68In White v. Fitts, 102 Me. 240, 66 Atl. 533, 15 L. R. A. (N. S.) 313, the plaintiff was to cut down and saw into the desired lengths all of the standing timber on the 350 acres of defendant's timber land, as fast as the defendant needed it for use in his mill. There were no specifications and no further stipulations in regard to the time within which the work was to be completed and the contract performed. The agreement was held within the statute.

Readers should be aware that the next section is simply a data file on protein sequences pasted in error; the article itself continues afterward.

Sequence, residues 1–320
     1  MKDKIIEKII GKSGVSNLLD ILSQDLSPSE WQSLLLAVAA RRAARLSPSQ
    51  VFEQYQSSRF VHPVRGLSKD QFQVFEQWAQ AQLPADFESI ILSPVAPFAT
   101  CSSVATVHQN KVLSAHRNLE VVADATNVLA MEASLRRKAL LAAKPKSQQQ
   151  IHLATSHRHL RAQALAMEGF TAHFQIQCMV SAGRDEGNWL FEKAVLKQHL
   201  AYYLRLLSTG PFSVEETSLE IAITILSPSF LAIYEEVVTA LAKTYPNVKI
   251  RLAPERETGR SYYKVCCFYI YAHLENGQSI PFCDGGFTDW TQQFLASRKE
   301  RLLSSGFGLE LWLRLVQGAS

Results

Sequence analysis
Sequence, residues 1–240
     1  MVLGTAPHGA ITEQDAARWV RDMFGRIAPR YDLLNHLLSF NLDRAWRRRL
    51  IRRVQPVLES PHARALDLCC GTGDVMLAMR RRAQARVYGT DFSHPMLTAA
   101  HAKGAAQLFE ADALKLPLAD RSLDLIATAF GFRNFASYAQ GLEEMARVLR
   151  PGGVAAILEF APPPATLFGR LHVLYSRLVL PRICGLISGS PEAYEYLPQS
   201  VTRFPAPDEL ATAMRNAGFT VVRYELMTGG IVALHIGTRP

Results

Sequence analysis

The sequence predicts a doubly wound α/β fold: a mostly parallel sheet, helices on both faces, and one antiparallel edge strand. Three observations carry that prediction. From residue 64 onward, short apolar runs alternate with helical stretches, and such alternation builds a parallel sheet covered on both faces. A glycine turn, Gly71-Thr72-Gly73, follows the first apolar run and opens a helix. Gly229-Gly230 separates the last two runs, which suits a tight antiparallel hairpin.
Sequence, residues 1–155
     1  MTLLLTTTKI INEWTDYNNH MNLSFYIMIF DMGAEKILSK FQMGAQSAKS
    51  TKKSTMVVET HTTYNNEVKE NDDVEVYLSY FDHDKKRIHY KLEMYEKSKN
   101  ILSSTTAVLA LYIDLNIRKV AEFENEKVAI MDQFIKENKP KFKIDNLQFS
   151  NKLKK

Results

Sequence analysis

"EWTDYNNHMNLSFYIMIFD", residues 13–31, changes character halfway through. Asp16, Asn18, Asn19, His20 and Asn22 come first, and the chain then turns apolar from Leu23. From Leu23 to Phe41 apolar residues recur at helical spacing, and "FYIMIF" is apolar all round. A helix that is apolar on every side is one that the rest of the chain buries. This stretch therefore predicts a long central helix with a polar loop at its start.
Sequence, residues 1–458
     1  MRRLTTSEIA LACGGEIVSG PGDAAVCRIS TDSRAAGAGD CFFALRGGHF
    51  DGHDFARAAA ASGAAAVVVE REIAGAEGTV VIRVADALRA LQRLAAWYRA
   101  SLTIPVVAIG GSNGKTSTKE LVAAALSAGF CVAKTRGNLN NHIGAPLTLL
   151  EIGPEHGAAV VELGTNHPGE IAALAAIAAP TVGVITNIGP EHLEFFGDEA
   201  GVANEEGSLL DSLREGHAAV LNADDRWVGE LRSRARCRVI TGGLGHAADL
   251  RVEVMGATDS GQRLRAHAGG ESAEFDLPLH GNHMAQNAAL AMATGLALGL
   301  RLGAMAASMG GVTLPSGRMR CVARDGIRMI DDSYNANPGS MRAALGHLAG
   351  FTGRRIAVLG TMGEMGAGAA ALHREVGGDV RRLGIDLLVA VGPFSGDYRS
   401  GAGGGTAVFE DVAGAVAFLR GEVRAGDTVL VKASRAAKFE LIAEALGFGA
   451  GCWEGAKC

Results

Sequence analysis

In Farwell v. Tillson, 76 Me. 227, the defendant had a government contract to furnish stone for the custom house at St. Louis, and made a verbal contract with plaintiff For the transportation of the stone from Maine to Baltimore. The government required defendant to furnish the stone " at such times as may be required" by the government. No time was specified. The court held that the circumstances showed that the parties did not intend or understand that the contract was to be performed within one year, and hence the contract was within the statute of frauds. See also East Tennessee Tel. Co. v. Paris Electric Co., 156 Ky. 762, 162 S. W. 530, Ann. Cas. 1915 C. 643; Akdns v. Bucks, 109 Mo. App. 96, 83 S. W. 75; Jones v. McMicbad, 12 Rich. L. 176. Cf. Randall v. Turner, 17 Ohio St. 262. Them the plaintiff agreed to receive certain stock, on condition that he should retain the same until a reasonable time should expire for the completion of a railroad; and, if the road should be so completed, he agreed to receive the stock in full satisfaction of four hundred dollars owing to him; and, in case of the failure to complete the road in a reasonstalments of not less than $4 nor more than $8, "unless the plaintiff should find it convenient to pay more" has been held bad.69 So an agreement to indorse renewal notes to a bank until the promisee "was put in position to pay the same by realizing on his other collaterals," the circumstances showing that practically this could not be done within a year;70 an agreement to support a child, then five years old, until she is able to support herself; 71 a contract made on August 20th for a year's employment to begin as soon as the employee could; when in fact he began to work on August 27th," an agreement by a mortgagee who has entered to foreclose that if he sells the property (which under prevailing statutes he could not able time, he was to return the stock to the defendant whereupon the four hundred dollars was to become due, and to be then paid by him to the plaintiff. The court said: "The most that can be claimed, is that it was not likely to be performed within a year; but it was clearly susceptible of performance within that time. The road might have been abandoned within a year, and thus a reasonable time to wait for its completion would have expired. There was, surely, nothing in the contract that fixed the time of performance beyond a year." 80 in McClanahan v. Otto-Marmet, etc., Co., 74 W. Va. 543,82 8. E. 752, a contract to cut the timber on certain tracts of land, and deliver it as ties and posts, was held not within the statute, though the employee expected when he undertook the work that it would require six years; the court saying of the contract: "It can only be said that it was not likely to be performed, nor expected by plaintiff to be performed within a year. This was held in Kimmins v. Oldham, 27 W. Va. 258, not to bring an agreement within the statute." A similar case is Reek-ley v. Zenn, 74 W. Va. 43, 81 S. E. 565. [Cf. Rua v. Bowyer Smokeless Coal Co. (W. Va.), 99 S. E. 213.] If the construction or work in question may reasonably be completed within a year, unquestionably the statute is inapplicable. Sarles v. Sharlow, 5 Dak. 100, 37 N. W. 748; First Presbyterian Church v. Swanson, 100 111. App. 39; Ford Lumber Co. v. Cobb, 138 Ky. 174, 127 S. W. 763; Drew 0. Wiswall 183 Mass. 554, 67 N. E. 666; Barton v. Gray, 48 Mich. 164, 12 N. W. 30, 57 Mich. 662, 24 N. W. 638; Thomas p. South Haven, etc., R. Co., 138 Mich. 50, 100 N. W. 1009; Girton v. Daniels, 35 Nev. 438, 129 Pac. 555; Gault v. Brown, 48 N. H. 183, 2 Am. Rep. 210; Plimpton v. Curtiss, 15 Wend. 336; Van Woert v. Albany, etc., It. Co., 67 N. Y. 538; Travis ». Myers, 67 N. Y. 542; Jones v. Pouch, 41 Ohio St. 146; Long Mfg. Co. d. Gray, 13 Tex. Civ. App. 172, 35 S. W. 32; Rogers v. Brightman, 10 Wis. 55.